But we must get Ann away from her writing desk in her rooms at Westminster Palace, and from the streets and playhouses of London into Tunbridge Wells, Kent--and Somersetshire, for Ann and Heneage took a trip together to Somsetshire in 1688. In April 1685 Tunbridge had developed into something far different from its origin in a chalybeate spring well happily located on a remote boundary among the southeastern English chalky downlands between two counties and three parishes and since subject to none of them (Everitt, Landscape and Community 119).
In the 1680's Tunbridge was a crowded town where the lack of governmental control had led to a heady life of alcohol, sexual scandal, gambling, and bullying horseplay, a place where unscrupulous doctors prescribed worse than useless regimes for people in search of health (Church 94-5), as Ann had begun to be. We can come in contact with the feel and hopelessness of the place as a medicinal haven in the ominous words of Dr. Madan against the bottled water people liked to bring away:
He is, of course, clearly of the opinion he will lose fees if people think they need only buy the stuff in bottles.
The center of daily life was the "Pantiles," a wide tiled (thus the name) tree-lined promenade which led uphill from the spring and downhill to a marketplace. John Evelyn is enthusiastic: "a very sweet place, private and refreshing" he calls Tunbridge; the Pantiles today are pleasant and private, quiet, abandoned, a place for meditation (Church 92); then it was become another place where in-people could glitter at one another; and it had a private town-life that fostered a peculiarly bitter kind of salacious lampoon (Poems on Affairs of State V:346-85).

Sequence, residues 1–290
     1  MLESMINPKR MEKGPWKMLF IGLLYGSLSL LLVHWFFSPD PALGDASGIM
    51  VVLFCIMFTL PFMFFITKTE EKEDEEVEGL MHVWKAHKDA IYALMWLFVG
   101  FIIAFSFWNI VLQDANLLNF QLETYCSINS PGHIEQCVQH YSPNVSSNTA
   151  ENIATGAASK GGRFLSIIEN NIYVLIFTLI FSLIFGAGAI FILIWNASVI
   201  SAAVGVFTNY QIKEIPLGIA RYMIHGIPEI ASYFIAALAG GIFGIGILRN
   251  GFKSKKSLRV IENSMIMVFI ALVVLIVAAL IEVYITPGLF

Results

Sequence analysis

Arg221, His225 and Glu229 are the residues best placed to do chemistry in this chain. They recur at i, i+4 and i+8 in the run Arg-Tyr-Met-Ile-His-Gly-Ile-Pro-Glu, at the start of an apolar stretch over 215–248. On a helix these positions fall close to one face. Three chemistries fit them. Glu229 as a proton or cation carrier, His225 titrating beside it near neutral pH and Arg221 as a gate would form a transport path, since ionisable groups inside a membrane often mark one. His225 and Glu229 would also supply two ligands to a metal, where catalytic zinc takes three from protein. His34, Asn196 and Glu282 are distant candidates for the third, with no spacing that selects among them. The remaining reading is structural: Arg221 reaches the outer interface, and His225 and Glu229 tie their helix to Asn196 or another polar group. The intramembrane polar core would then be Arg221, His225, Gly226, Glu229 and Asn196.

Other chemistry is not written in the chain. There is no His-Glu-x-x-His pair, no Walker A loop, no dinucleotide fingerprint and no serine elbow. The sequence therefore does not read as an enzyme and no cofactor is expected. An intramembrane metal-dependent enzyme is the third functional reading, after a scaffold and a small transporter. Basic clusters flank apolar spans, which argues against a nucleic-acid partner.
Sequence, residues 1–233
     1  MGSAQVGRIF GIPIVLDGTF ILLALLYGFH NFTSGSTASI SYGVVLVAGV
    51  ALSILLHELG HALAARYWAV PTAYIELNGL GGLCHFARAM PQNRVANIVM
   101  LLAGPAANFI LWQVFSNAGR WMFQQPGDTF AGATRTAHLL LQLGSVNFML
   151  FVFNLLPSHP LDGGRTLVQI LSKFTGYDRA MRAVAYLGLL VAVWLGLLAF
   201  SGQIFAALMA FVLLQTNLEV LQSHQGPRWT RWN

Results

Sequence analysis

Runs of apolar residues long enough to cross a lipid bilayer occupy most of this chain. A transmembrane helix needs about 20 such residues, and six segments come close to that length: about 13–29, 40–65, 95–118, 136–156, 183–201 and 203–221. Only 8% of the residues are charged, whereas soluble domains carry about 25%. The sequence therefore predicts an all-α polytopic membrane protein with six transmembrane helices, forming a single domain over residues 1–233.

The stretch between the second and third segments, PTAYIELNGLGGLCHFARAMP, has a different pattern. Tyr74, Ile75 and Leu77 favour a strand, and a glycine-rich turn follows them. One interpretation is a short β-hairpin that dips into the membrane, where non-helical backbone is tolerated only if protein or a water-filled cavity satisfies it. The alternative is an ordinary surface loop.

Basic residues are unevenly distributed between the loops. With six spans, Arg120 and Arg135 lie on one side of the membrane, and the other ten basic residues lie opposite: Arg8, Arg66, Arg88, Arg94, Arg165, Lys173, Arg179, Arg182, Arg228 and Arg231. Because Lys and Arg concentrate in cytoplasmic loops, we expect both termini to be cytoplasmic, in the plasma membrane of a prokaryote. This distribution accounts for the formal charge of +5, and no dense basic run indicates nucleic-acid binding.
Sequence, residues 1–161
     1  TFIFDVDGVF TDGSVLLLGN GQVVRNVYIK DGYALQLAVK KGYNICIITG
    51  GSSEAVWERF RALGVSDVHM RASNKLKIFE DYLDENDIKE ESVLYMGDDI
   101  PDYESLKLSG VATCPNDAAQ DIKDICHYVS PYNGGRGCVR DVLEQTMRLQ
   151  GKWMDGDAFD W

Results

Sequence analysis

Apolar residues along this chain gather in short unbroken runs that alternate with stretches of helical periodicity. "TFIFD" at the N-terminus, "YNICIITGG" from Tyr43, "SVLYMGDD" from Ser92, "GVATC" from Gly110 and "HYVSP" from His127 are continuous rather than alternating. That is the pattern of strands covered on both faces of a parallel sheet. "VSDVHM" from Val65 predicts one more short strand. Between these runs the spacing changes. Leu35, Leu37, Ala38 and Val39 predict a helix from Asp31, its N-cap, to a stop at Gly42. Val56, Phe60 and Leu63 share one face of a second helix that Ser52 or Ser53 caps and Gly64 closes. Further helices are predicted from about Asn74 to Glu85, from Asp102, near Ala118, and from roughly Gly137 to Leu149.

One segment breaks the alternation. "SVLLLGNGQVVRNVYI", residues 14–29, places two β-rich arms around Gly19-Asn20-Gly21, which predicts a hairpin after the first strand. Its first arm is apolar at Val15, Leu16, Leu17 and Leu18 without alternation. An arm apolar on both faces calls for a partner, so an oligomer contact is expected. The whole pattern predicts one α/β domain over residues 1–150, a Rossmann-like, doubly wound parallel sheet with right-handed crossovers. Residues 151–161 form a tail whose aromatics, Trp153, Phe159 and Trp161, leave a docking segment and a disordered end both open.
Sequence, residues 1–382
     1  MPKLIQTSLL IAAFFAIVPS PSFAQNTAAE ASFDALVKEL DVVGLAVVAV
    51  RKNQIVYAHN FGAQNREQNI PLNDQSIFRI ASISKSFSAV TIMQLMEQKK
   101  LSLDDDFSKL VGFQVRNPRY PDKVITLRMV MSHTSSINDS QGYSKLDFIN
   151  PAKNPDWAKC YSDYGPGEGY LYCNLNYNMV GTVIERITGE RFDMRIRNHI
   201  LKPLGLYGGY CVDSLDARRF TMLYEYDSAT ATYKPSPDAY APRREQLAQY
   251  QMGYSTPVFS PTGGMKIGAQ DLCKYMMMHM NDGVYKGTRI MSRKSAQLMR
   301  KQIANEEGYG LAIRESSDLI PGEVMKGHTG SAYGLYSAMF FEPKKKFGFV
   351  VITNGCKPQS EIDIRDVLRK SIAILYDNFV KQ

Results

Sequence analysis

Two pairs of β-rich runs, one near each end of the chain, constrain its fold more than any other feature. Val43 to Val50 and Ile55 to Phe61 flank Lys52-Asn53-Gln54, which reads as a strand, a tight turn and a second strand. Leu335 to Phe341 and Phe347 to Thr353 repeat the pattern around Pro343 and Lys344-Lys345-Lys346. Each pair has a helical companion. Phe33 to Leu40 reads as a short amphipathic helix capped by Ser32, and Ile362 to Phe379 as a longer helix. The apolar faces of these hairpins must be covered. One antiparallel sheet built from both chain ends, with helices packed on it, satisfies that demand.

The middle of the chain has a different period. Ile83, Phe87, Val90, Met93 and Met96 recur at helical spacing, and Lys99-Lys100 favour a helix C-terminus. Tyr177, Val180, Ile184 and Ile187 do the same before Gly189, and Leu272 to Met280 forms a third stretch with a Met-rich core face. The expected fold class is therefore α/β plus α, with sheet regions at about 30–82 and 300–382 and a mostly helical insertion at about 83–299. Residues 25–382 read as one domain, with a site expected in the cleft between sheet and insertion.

Ann did publish a scanty censured fragment from one of her stays (she went again in 1706) which focuses on the hectic mindless quality of life in Tunbridge. In what remains she ironically urges the people to ignore the popular lampoons for the good reason they are more useless than the local physicians:
Ann names a (still elusive) doctor who also sold the iron-flavored mineral water which did not (at least according to our above Dr. Madan) travel well; she inveighs against drinking; she captures the beating of her own distraught heart which did not need yet more mindless hypocrisy and excitement, but peace and quiet.